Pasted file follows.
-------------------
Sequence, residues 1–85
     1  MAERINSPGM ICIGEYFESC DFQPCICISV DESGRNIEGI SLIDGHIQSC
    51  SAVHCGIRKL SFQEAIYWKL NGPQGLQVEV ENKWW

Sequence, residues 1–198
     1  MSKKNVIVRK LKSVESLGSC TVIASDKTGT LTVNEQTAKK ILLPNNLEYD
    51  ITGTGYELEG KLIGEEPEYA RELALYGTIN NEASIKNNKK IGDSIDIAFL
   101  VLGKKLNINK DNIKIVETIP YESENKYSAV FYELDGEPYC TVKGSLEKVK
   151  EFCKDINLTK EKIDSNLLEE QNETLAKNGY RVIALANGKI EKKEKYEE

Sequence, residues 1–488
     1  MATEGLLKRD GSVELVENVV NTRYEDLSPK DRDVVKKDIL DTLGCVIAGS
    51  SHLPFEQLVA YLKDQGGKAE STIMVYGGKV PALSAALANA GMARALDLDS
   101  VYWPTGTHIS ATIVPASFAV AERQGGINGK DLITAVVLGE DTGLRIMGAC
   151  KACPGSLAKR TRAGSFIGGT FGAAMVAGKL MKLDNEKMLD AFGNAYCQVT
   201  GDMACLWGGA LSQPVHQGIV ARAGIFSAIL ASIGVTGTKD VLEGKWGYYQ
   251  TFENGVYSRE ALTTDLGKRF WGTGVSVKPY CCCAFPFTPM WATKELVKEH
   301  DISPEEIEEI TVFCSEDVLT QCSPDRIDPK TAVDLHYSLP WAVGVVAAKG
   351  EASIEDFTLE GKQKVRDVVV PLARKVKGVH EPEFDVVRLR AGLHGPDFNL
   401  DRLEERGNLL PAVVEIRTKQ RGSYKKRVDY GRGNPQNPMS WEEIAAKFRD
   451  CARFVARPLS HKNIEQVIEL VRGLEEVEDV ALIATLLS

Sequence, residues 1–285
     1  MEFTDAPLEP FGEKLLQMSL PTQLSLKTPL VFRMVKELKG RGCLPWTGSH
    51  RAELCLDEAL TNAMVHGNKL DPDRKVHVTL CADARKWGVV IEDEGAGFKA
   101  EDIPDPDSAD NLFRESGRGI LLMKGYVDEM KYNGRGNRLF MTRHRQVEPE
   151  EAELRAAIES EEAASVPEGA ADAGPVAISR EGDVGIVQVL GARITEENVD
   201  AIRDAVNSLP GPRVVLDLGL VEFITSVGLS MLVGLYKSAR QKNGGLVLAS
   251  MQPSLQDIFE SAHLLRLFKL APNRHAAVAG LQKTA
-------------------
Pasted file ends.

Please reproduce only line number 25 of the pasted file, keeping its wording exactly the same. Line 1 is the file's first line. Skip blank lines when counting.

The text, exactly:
   201  AIRDAVNSLP GPRVVLDLGL VEFITSVGLS MLVGLYKSAR QKNGGLVLAS